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San Diego Comic-Con will remain in San Diego until at least 2016 [Update]

Comic-Con International, commonly referred to as San Diego Comic-Con, will stay in San Diego for at least one more year, the LA Times reports.

San Diego Mayor Jerry Sanders announced today that Comic-Con organizers are extending their contract to use the city's convention center until at least 2016.

Comic-Con International, which will take place from July 18 to 21 next year, attracts more than 100,000 people to the city annually to check out exhibits and panels about all forms of pop culture, including video games.

In 2010, both Los Angeles and Anaheim tried to lure the show away from the city.

In recent years, show organizers have been facing growing complaints of overcrowding and shows that sell out in record time.

The LA Times reports that San Diego city officials have approved a $520-million expansion of the convention center in hopes of keeping Comic-Con and other big shows in the city. But that plan is currently in court over its financing.

Los Angeles recently won its bid to keep E3 in its city, signing a three year contract with the Electronic Entertainment Expo.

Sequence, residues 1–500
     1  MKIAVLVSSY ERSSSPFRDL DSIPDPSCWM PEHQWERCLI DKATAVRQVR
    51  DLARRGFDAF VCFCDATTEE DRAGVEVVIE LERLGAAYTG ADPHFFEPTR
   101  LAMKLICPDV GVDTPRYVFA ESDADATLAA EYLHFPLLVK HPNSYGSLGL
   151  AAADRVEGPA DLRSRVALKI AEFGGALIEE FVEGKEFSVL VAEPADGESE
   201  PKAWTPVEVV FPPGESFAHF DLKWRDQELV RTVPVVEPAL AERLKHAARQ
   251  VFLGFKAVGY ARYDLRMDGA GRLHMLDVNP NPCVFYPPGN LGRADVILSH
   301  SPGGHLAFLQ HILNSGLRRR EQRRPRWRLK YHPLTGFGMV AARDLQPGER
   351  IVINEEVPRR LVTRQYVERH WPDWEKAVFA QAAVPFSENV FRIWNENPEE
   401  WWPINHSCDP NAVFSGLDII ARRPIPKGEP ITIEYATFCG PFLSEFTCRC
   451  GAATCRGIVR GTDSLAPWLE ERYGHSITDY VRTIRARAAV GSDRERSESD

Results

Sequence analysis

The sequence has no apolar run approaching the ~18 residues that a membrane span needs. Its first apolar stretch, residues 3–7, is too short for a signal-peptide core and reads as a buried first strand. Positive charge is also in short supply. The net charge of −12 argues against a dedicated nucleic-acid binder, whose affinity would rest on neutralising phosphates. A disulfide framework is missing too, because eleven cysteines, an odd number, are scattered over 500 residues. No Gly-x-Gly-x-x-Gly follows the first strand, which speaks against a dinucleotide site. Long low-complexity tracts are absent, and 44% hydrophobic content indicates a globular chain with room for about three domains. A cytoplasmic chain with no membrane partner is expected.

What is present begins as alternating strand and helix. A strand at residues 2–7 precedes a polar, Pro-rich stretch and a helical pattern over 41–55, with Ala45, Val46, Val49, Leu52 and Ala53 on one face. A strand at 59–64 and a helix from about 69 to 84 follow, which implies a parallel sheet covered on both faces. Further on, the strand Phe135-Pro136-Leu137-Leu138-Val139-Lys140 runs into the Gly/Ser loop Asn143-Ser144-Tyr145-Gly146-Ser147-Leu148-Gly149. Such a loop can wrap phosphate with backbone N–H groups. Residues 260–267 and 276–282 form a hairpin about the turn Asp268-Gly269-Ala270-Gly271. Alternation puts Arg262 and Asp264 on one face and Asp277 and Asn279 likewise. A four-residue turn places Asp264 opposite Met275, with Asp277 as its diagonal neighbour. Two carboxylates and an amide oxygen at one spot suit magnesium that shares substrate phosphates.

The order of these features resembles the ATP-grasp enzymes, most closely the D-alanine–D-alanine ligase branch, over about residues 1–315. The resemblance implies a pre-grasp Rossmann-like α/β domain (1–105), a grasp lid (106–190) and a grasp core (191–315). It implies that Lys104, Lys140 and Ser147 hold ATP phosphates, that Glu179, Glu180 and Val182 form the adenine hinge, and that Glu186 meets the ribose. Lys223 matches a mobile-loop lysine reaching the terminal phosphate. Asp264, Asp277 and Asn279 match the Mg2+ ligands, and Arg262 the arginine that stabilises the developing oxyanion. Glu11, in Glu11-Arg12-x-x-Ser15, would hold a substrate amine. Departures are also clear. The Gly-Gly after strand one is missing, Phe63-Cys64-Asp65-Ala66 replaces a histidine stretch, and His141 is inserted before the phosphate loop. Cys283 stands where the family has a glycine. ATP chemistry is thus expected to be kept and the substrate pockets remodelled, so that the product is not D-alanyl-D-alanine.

Update: Sanders responded to our request for comment with this prepared statement.

As we all know, Comic-Con has been a stunning success - it has transformed itself over the years from a relatively small gathering of comic book aficionados into an international spectacle, attracting A-list celebrities from around the world and pop culture fans from nearly every corner of the galaxy.

It turns our downtown area, specifically the Gaslamp Quarter, into kind of a high-tech Twilight Zone, offering up some of the best people watching you'll ever see.

Since its start here in 1970, Comic-Con has become an enormous source of pride for San Diego - a home grown event that has exploded in popularity.

It's not only an enormous source of pride - it's also an enormous source of revenue for San Diego - for the city, for the hotels, for the shops and for the restaurants. The economic impact, is, well, out of this world.

With an attendance of about 130,000 people, the convention today pumps nearly $180 million into the local economy and produces almost $3 million dollars a year in tax revenue that we can use for city services.

The city's current contract with Comic-Con runs through 2015.

Over the past several months, however, we've been working together - the city, Comic-Con and the tourism industry - on a one-year extension.

Earlier today, I was pleased to announce that we have reached an agreement that will keep Comic-Con - and all the super heroes, villains, cyborgs and stormtroopers - right here in San Diego through 2016.

I want to thank everyone at Comic-Con for its commitment to this city. We look forward to having this super event in San Diego for many eons to come.

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